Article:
UPDATE 3-Pepsi Bottling profit beats Wall Street view
* Q4 EPS $0.59 vs Street view $0.43
* Revenue down 0.1 pct, physical cases down 3 pct
* Leaner operations, lower costs lift revenue per case
* Shares up 0.2 percent (Adds analyst comment, share activity)
NEW YORK, Feb 2 (Reuters) - Pepsi Bottling Group Inc PBG.N, which is due to be acquired this quarter by PepsiCo Inc (PEP.N), reported a higher-than-expected fourth-quarter profit as productivity improvements offset a slight dip in worldwide sales.
Yet shares rose only 7 cents, or 0.2 percent, to $37.70 in morning trade as investors did not read too much into the results, which are likely the bottler's last as an independent company.
"We don't view the results as material one way or another for PBG or PEP," wrote JPMorgan analyst John Faucher in a research note. "While the numbers are less than spectacular, consensus is somewhat limited right now, and we would not expect PBG to post very strong numbers before the PEP deal closes."
The largest bottler of PepsiCo beverages such as Pepsi-Cola, Mountain Dew and Aquafina water said net income was $90 million, or 40 cents per share, in the 16 weeks ended on Dec. 26, compared with a year-earlier loss of $271 million, or $1.28 per share.
Excluding one-time items, such as advisory fees linked to its merger with PepsiCo and changes to Mexican tax laws, earnings were 59 cents per share, above analysts' expectations of earnings of 43 cents, according to Thomson Reuters I/B/E/S.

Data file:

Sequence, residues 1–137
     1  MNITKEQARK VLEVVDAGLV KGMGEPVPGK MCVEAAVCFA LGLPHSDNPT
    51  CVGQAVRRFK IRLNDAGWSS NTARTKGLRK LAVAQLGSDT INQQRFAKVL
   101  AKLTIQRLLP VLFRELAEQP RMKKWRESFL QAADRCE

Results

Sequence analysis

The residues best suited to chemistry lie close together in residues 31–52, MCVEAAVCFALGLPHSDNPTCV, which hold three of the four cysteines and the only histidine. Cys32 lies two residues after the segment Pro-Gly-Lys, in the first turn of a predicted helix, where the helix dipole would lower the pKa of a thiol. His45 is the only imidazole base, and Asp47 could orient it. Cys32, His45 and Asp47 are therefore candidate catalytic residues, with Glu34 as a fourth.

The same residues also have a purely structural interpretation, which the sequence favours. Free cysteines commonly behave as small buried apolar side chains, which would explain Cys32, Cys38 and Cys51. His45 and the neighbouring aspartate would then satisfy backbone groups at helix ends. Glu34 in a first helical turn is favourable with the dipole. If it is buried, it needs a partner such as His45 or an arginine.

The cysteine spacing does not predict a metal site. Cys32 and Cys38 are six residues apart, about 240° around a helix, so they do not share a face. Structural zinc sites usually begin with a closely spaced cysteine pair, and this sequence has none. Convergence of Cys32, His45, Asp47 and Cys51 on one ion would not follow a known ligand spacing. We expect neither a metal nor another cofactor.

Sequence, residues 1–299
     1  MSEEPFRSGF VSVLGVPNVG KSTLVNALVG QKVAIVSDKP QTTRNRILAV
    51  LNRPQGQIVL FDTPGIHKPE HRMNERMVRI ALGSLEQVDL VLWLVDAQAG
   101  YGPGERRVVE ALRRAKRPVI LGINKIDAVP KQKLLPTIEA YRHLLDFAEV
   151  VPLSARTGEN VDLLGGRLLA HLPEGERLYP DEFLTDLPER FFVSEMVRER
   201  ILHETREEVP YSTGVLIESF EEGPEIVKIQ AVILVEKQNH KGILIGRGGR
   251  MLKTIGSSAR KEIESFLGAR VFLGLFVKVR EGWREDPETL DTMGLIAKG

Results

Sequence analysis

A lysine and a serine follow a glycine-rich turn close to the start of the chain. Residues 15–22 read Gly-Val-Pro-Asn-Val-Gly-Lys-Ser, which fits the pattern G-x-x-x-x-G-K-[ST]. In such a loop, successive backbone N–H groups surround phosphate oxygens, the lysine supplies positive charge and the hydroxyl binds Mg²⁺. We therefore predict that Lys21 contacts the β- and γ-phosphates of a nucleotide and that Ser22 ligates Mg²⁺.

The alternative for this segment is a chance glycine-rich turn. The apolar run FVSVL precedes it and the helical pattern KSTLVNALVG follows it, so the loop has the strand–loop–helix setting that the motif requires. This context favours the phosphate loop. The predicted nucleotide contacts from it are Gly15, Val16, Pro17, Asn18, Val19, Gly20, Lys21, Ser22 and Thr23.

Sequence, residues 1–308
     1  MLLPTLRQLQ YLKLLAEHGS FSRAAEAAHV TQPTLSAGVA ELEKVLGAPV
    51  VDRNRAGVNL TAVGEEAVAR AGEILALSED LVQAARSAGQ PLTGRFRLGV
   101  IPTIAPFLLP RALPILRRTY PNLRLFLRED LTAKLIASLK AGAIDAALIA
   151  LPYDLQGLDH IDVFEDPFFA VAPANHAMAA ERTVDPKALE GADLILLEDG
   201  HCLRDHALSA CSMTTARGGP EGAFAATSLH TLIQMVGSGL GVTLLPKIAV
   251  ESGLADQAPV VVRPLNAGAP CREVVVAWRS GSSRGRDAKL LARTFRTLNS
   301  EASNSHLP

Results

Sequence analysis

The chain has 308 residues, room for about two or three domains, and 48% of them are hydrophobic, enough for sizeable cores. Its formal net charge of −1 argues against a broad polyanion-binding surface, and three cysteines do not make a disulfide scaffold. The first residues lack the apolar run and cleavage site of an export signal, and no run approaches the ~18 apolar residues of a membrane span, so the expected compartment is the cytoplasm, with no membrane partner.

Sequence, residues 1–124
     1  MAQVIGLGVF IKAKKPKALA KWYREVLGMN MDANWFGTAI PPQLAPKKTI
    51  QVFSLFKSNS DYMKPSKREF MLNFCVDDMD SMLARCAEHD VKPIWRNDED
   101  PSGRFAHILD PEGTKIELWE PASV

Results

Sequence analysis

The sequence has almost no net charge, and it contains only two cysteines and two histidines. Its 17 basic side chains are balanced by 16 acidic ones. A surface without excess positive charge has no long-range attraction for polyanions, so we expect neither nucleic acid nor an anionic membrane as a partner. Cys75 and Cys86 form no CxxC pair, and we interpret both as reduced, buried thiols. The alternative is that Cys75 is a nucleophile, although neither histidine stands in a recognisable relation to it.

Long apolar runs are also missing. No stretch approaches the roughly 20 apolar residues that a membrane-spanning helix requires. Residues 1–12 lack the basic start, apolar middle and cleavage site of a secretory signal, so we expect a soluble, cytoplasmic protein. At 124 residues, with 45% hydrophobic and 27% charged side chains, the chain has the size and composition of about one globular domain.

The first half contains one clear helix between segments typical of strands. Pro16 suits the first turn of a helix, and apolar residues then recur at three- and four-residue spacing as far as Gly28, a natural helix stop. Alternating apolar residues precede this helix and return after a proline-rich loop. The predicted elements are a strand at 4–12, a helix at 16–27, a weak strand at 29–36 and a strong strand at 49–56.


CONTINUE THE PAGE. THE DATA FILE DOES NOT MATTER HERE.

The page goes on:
Pepsi Bottling said that cost savings and improvements such as leaner warehouse operations, had exceeded its expectations.
The company said that net revenue per case has risen 3 percent, which helped mitigate a 3 percent drop in worldwide physical case volume.
Pepsi Bottling operates in North America, Greece, Russia, Spain and Turkey. It agreed in August to be acquired by PepsiCo, its largest shareholder and supplier.
Revenue edged down 0.1 percent to $3.81 billion, below analysts' estimates of $3.83 billion. Sales in North America, which made up 76.8 percent of the total, and Europe were flat, but fell 5.2 percent in Mexico, including the effects of currency fluctuations. (Reporting by Phil Wahba and Martinne Geller; Editing by Lisa Von Ahn, Dave Zimmerman)